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The following articles outline arrangements that have been made for senior public officials to 'champion' the causes of various remote aboriginal communities.
Senior bureaucrats will gain control of all aspects of government spending in 10 remote Aboriginal communities under advice from community elders - to end problems associated with agencies being able to address just one problem amongst many. A holistic approach is needed whereby one person can come in and make things happen in accordance with priorities of people living in the area - rather than the priorities of officials living in Canberra. (Schubert M. 'Bureaucrats adopt black communities', A, 26/9/02)
Queensland Greens spokesman, Hutton, has poured scorn on Queensland Government's proposal to require DGs of various departments to champion the development of partnerships between government and Aboriginal communities. However this initiative is aimed at remote Aboriginal communities where social disasters of substance abuse and welfare dependency were brought to light by Tony Kock at the Courier Mail. Hutton says that the concept is tokenistic, and that indigenous self determination should be the basic principle of indigenous affairs. However the concept of champions was developed by Aboriginal leaders as a reflection of self-determination and put to the state - not the other way around. Perhaps it is Hutton who should accept the concept of 'indigenous self determination'. In Cape York novel solutions to the problems that uncoordinated bureaucracy represents are being trialed. One goal is to give meaning to the concept of partnership between government and aboriginal communities. Second, the partnership is to be based on negotiation, not just consultation. Third it is intended to contribute to the efforts of different government agencies and community groups to get holistic responses to problems. Forth, aboriginal people want to take responsibility. Finally, government must be accountable. Who better than DGs to account for the success or failure of bureaucrats? Efforts by governments to develop coordination and whole-of-government solutions have not worked in practice. The Premier has placed progress on Cape York Partnerships on DGs' performance contracts. For the Queensland Government to move to new relationships with Aboriginal Communities, DGs will need to first take responsibility for making the change work. Unlike Yes Minister, Queensland's DGs have agreed to take a risk personally and directly in dealing with Queensland's gravest policy challenge. Governments are moving to help solve real problems. Rhetoric about self determination needs to be put aside (Pearson N. 'Cape York champion scheme a trial for true partnership', CM, 3/9/02)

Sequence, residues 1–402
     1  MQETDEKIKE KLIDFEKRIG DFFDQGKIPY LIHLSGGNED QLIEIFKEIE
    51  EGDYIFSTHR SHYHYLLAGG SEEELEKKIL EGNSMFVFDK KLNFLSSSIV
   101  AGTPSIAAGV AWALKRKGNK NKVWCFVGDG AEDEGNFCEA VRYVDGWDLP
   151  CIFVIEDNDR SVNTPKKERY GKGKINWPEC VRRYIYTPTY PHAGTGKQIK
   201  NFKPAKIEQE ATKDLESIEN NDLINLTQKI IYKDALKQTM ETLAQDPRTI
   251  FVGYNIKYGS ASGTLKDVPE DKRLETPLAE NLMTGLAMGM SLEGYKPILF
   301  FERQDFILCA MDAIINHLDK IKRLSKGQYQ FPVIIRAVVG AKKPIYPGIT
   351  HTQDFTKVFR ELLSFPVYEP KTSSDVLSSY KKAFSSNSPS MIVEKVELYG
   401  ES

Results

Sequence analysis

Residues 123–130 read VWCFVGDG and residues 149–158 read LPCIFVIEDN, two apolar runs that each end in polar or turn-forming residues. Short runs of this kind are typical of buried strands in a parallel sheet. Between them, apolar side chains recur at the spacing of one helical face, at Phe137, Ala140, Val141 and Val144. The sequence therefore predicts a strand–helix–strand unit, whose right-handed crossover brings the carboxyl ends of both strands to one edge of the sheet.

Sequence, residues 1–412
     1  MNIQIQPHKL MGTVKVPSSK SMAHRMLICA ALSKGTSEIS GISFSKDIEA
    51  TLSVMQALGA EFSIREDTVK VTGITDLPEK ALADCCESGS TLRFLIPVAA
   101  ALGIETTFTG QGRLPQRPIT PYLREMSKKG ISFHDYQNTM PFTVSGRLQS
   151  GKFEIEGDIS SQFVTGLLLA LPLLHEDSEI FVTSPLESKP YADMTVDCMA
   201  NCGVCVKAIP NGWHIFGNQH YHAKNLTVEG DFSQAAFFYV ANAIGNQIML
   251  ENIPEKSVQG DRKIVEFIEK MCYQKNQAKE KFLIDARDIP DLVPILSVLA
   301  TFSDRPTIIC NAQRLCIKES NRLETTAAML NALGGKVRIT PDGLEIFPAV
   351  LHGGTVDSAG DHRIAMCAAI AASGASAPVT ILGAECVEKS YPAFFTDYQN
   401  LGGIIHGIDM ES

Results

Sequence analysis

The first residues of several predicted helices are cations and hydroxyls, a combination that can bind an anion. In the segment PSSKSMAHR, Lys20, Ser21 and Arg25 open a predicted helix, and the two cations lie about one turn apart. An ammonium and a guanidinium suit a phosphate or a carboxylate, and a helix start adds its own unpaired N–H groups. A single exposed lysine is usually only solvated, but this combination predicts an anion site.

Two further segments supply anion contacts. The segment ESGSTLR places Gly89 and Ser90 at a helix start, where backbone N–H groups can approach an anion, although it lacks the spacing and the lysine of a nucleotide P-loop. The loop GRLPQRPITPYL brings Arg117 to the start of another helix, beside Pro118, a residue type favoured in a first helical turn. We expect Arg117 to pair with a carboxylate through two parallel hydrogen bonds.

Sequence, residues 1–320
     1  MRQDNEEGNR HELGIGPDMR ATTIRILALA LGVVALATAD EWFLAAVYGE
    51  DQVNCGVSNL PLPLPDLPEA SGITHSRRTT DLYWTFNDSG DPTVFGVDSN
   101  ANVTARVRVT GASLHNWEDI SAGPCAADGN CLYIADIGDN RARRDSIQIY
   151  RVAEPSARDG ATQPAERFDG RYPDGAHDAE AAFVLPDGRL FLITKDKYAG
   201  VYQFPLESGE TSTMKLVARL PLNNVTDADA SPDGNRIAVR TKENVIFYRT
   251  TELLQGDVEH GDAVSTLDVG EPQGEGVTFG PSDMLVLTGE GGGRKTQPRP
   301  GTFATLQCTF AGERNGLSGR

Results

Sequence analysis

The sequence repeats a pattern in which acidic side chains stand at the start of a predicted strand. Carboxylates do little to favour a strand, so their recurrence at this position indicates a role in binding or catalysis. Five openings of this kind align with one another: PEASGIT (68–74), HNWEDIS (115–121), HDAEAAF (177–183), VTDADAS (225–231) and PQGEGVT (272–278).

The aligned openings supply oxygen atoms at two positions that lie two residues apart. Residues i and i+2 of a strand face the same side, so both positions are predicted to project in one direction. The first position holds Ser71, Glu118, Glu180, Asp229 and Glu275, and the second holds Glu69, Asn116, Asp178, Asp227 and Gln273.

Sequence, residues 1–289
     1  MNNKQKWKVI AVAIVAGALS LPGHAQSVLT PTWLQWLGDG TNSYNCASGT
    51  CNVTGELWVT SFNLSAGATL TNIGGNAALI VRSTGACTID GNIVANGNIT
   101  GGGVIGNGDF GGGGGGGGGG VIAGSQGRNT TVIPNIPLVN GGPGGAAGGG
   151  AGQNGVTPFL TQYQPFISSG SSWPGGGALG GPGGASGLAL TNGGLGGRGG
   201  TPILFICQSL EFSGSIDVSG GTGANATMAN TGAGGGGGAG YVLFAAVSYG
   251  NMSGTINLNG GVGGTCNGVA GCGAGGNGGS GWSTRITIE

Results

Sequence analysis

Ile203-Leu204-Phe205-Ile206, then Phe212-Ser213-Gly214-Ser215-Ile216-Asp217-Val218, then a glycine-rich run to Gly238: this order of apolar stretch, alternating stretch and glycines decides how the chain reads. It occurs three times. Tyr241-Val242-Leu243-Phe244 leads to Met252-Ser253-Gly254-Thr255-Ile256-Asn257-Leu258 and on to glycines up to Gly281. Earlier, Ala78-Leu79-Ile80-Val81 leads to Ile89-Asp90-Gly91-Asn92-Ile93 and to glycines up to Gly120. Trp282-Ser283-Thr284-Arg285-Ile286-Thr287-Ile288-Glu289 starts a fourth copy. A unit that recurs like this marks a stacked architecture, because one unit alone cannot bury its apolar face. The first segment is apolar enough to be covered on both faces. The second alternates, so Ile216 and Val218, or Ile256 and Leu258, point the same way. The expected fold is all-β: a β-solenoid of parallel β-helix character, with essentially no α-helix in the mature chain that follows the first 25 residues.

People in remote aboriginal communities will have instant access to the state's most powerful bureaucrats - under a Community Champions program. This will ensure fast-track responses to complaints and other community concerns (Reid R. 'Bureaucrats mend indigenous bridges', CM, 24/8/02)
Even though this arrangement has been developed by indigenous communities to give 'meaning' to the Cape York Partnerships, quite different types of methods are needed to achieve their goals (ie focused on enabling members of those communities to take economic and other practical initiatives) .
At the very best, the types of support that might be mobilized by senior bureaucratic 'champions' would not be what aboriginal communities really need. And the quality of support that indigenous communities do need will mostly not be available to be found through a process of negotiation with governments.
Difficulties likely to emerge under this model are that: